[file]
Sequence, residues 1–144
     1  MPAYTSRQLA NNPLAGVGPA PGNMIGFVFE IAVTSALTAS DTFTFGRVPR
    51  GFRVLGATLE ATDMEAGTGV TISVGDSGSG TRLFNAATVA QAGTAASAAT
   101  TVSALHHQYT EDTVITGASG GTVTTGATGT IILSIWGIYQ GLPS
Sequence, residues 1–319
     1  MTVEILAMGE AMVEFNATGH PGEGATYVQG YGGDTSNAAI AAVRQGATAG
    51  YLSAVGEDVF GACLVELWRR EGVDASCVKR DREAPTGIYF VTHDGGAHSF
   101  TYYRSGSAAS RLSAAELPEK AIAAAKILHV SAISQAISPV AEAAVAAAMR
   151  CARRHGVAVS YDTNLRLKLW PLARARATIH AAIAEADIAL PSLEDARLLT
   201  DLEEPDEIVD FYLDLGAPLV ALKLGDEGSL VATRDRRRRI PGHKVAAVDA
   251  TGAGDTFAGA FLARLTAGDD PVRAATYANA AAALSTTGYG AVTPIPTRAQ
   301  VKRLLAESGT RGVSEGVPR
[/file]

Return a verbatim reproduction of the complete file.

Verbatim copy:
Sequence, residues 1–144
     1  MPAYTSRQLA NNPLAGVGPA PGNMIGFVFE IAVTSALTAS DTFTFGRVPR
    51  GFRVLGATLE ATDMEAGTGV TISVGDSGSG TRLFNAATVA QAGTAASAAT
   101  TVSALHHQYT EDTVITGASG GTVTTGATGT IILSIWGIYQ GLPS
Sequence, residues 1–319
     1  MTVEILAMGE AMVEFNATGH PGEGATYVQG YGGDTSNAAI AAVRQGATAG
    51  YLSAVGEDVF GACLVELWRR EGVDASCVKR DREAPTGIYF VTHDGGAHSF
   101  TYYRSGSAAS RLSAAELPEK AIAAAKILHV SAISQAISPV AEAAVAAAMR
   151  CARRHGVAVS YDTNLRLKLW PLARARATIH AAIAEADIAL PSLEDARLLT
   201  DLEEPDEIVD FYLDLGAPLV ALKLGDEGSL VATRDRRRRI PGHKVAAVDA
   251  TGAGDTFAGA FLARLTAGDD PVRAATYANA AAALSTTGYG AVTPIPTRAQ
   301  VKRLLAESGT RGVSEGVPR